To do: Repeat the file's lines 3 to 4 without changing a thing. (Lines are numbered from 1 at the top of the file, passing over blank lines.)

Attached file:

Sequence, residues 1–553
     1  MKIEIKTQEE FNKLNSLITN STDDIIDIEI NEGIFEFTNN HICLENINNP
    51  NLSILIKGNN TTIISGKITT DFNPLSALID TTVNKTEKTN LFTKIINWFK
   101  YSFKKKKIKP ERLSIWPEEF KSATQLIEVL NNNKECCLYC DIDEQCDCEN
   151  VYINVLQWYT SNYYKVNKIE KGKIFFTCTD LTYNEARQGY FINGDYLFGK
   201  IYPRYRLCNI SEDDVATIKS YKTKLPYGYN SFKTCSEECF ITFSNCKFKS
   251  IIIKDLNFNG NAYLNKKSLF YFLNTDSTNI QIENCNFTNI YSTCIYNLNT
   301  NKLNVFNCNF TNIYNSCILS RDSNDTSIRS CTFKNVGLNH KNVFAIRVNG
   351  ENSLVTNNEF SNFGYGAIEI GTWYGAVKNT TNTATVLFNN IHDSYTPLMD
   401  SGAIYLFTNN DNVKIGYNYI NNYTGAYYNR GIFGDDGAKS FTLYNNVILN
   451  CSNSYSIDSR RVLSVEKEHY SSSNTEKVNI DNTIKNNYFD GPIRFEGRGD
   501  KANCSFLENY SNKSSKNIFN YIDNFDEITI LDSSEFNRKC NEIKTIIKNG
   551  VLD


    51  NLSILIKGNN TTIISGKITT DFNPLSALID TTVNKTEKTN LFTKIINWFK
   101  YSFKKKKIKP ERLSIWPEEF KSATQLIEVL NNNKECCLYC DIDEQCDCEN